First Public Appearance by Former Dictator in 7 Months


The New York Times

July 1, 2004

BAGHDAD, Iraq, July 1 - Saddam Hussein defiantly faced an Iraqi judicial hearing today in Baghdad, where he was read seven preliminary charges against him that included the 1990 invasion of Kuwait, the suppression of the Shiite uprising and the gassing of Kurdish villagers.

``I am Saddam Hussein, the president of Iraq,'' Mr. Hussein replied when he answered the judge, whose first question was to ask his name.

Mr. Hussein appeared defiant but focused and coherent during the proceedings, which lasted 26 minutes.

At one point he said, ``Everyone knows that this is a theatrical comedy by Bush, the criminal, in an attempt to win the election.''

Mr. Hussein appeared at an annex to palace grounds that he built but that is now known as Camp Victory, an American headquarters near the Baghdad airport. He arrived in handcuffs, but those, along with a chain around his waist, were removed before he appeared in front of the judge.

When the clatter of chains falling outside the courtroom was heard, it was the first indication to the assembly of news media, new Iraqi government officials, American military officials and lawyers gathered inside that Mr. Hussein had arrived and that they were about to witness his appearance in the court.

Within moments, Mr. Hussein entered the room, his hands unfettered, wearing a gray pinstripe jacket, white shirt, brown trousers and black shoes.

He was visibly thinner than when he was president and when he was captured hiding in a hole in the ground outside of Tikrit, north of Baghdad, in December. His beard was closely trimmed and flecked with gray.

He appeared uneasy, his eyes darting to the left and to the right, where he took in the two tiers of Iraqi and American officials looking back at him.

He took a seat, separated by a railing from a judge who sat at a table.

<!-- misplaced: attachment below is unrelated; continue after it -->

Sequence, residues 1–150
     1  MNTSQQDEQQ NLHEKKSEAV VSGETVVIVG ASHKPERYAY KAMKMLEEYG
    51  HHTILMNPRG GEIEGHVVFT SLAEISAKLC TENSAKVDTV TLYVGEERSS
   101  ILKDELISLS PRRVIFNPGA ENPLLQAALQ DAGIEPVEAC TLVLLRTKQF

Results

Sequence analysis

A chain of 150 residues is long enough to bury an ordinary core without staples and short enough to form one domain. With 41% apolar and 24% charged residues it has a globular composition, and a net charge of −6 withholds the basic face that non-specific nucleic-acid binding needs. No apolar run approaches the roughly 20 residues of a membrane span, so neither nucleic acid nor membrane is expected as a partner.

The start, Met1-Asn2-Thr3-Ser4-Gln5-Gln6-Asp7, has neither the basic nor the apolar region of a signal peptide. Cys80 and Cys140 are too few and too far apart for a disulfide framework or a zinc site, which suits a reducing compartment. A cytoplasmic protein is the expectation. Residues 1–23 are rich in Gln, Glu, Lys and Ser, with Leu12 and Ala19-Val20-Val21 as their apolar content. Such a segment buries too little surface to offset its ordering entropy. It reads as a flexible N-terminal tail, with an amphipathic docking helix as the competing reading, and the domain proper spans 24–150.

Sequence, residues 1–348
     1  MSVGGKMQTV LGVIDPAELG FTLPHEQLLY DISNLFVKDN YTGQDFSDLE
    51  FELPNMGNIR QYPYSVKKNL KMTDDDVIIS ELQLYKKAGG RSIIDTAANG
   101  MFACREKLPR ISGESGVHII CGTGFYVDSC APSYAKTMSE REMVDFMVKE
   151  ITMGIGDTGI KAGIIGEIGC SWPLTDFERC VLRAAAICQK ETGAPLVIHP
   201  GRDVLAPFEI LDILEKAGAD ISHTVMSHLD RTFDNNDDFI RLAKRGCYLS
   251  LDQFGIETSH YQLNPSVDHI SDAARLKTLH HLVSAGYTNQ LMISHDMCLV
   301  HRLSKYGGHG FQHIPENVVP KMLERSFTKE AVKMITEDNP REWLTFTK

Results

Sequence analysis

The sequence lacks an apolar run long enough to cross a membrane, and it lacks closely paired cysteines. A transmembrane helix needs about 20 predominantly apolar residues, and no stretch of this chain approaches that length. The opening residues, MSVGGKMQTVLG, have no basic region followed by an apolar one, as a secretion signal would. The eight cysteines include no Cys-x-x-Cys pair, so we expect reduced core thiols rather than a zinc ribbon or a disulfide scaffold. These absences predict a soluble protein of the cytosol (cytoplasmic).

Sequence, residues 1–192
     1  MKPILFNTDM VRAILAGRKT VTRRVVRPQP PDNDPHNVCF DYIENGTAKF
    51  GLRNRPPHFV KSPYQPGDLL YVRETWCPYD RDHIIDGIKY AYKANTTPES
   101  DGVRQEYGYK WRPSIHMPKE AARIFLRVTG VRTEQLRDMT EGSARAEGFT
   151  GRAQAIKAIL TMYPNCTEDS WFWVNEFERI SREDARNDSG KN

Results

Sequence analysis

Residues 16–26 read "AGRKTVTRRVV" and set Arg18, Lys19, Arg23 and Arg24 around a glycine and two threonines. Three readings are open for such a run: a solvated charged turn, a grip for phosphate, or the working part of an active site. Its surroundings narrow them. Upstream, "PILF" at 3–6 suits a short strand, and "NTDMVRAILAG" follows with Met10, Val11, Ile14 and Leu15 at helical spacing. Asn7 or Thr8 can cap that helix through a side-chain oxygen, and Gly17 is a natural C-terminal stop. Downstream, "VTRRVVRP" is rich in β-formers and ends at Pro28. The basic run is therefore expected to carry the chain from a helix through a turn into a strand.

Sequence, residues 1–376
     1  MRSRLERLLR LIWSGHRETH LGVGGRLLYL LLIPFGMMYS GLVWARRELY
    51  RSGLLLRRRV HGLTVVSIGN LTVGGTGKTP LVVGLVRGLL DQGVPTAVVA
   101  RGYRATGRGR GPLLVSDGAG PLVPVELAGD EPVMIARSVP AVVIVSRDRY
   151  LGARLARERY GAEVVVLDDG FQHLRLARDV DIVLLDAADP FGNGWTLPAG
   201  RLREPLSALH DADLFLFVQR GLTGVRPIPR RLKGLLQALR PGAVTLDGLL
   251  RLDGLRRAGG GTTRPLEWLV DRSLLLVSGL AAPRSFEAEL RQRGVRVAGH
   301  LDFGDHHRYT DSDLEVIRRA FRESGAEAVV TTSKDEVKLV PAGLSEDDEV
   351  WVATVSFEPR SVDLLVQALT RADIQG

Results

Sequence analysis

``Are you Saddam Hussein?'' the judge asked him.

``Yes, I am Saddam Hussein, president of Iraq,'' said Mr. Hussein, before repeating the sentence again.

Mr. Hussein's mood ranged from extreme uncertainty to exasperation, contempt, anger and defiance.

The proceedings took place under tight security. Apache helicopters flew at low altitude over the palace beforehand and American military police officers surrounded the site, but they were replaced by Iraqis for Mr. Hussein's arrival.

Mr. Hussein's trial is expected to take place in the next several months. Eleven of his aides, including some of the most notorious figures of his regime, were arraigned after him.

The White House welcomed the beginning of judicial proceedings against the former dictator and dismissed his protestations.

``Saddam Hussein is going to say all sorts of things,'' the chief White House spokesman, Scott McClellan, said in Washington. ``What's important is that justice is being served to Saddam Hussein and his band of oppressors by the Iraqi people in an Iraqi court.

``Saddam Hussein's regime was responsible for the systematic terrorizing, torture, killing and raping of innocent Iraqis. Saddam Hussein's regime was responsible for grave atrocities against the Iraqi people. And this step today begins a process by which the Iraqi people can help bring closure to the dark chapter of their history.''

Pool reporters - responsible for briefing the general news media afterward - covered the event inside the court, and television footage was made public later. John F. Burns of The New York Times served as the pool representative for print publications.